A Hybrid Deep Boltzmann Machine for Contextual Scene Modeling
Scene models allow robots to reason about what is in the scene, what else should be in it, and what should not be in it. In this paper, we propose a hybrid Boltzmann Machine (BM) for scene modeling where relations between objects are integrated. To be able to do that, we extend BM to include tri- way edges between visible (object) nodes and make the network to share the relations across different objects. We evaluate our method against several baseline models (Deep Boltzmann Machines, and Restricted Boltzmann Machines) on a scene classification dataset, and show that it performs better in several scene reasoning tasks.
What is (missing or wrong) in the scene? A Hybrid Deep Boltzmann Machine For Contextualized Scene Modeling ( accepted for ICRA 2018 )
Method & Results
We propose a triway deep BM for scene modeling. Visible nodes are separated into two groups: relations(r) and objects(v). Relation nodes(visible) are shared between two object nodes. Visible nodes(both of relation and visible nodes) are connected to units at the first hidden layer. Hidden layers are stacked to make model deep.
Gibbs sampling is used for inference instead of variational inference since our dataset is relatively small (total 3485 samples) and input vectors are too sparse (i.e. slight number of relation nodes are active). It is a type of Monte Carlo Markov Chain Method that can guarantee precise inferences. Precise inference is important for our problem since only slight number of relation nodes are active for each sample.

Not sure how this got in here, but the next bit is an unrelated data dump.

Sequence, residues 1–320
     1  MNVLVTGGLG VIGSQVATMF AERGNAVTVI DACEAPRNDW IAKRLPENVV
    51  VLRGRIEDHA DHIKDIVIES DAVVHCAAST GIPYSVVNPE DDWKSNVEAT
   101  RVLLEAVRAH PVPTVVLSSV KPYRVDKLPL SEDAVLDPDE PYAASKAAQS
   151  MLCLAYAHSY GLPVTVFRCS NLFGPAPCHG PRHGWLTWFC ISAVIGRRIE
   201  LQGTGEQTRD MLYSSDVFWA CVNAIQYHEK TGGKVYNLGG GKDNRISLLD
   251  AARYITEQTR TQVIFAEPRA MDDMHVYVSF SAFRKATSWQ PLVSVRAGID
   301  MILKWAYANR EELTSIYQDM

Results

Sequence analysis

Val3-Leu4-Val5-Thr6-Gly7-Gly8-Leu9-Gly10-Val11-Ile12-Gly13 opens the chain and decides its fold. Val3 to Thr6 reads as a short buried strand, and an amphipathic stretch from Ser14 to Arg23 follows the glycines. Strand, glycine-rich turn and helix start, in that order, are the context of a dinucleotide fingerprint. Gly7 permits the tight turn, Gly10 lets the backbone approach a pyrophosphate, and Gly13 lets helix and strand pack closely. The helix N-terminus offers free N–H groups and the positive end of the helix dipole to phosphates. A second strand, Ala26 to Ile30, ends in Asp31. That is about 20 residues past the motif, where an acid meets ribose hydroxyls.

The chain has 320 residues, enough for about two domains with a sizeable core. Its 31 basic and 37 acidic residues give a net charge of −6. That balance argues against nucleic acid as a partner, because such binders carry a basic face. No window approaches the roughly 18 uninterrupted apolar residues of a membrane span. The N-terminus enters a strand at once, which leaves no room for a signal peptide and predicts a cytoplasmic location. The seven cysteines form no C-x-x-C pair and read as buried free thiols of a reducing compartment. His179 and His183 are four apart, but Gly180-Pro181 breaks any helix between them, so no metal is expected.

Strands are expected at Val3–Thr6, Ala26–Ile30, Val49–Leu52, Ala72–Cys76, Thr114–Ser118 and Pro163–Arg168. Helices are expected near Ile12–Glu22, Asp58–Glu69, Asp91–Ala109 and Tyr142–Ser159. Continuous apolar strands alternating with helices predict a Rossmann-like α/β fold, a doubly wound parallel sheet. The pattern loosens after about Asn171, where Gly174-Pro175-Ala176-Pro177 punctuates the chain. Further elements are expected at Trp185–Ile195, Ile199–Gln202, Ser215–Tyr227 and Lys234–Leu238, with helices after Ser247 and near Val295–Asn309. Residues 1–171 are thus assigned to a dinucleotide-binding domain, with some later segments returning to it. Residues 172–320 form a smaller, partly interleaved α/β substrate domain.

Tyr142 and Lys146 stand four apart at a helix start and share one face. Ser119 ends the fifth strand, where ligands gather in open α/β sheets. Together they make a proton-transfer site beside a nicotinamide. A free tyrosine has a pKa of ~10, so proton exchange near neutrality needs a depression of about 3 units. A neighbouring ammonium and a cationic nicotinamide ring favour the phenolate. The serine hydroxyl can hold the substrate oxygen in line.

We conduct several experiments that includes scenarios that can be performed by robots in real world problems. We compared our model’s results(Triway BM) with Restricted Boltzmann Machine(RBM) and General Boltzmann Machine(GBM) that is structured as bidirectional links exists within input layer and hidden layers are stacked.
The first experiment is estimation of relations between objects that are on the scene for current context. In this experiment, firstly, model determines context by using objects on the scene only, then using by context and activation of objects, it estimates relations among objects on the scene. For this task, we define accuracy as the percentage of relations correctly estimated with respect to the labeled relations in the test dataset. We see that our model provides highest accuracy(Table 1).
The second experiment is finding missing object(s) on the scene according to current context. In this task, we randomly de-activate an object from the scene and expect the network to find the missing object. For this task, we define accuracy as the percentage of the missing objects found correctly in the test dataset. Our model is the best(Table 2).
The third experiment is finding the objects that are out of current context on the scene. For this task, we select scenes, remove randomly an object and add randomly another object not in the scene. We define error measure to indicate how much reconstructed data is different form original data that is without extra objects. Our model is the best(Table 3).
The last experiment is random scene generation. In this task, we randomly activate hidden units and visible units are sampled according to context that is determined by hidden units.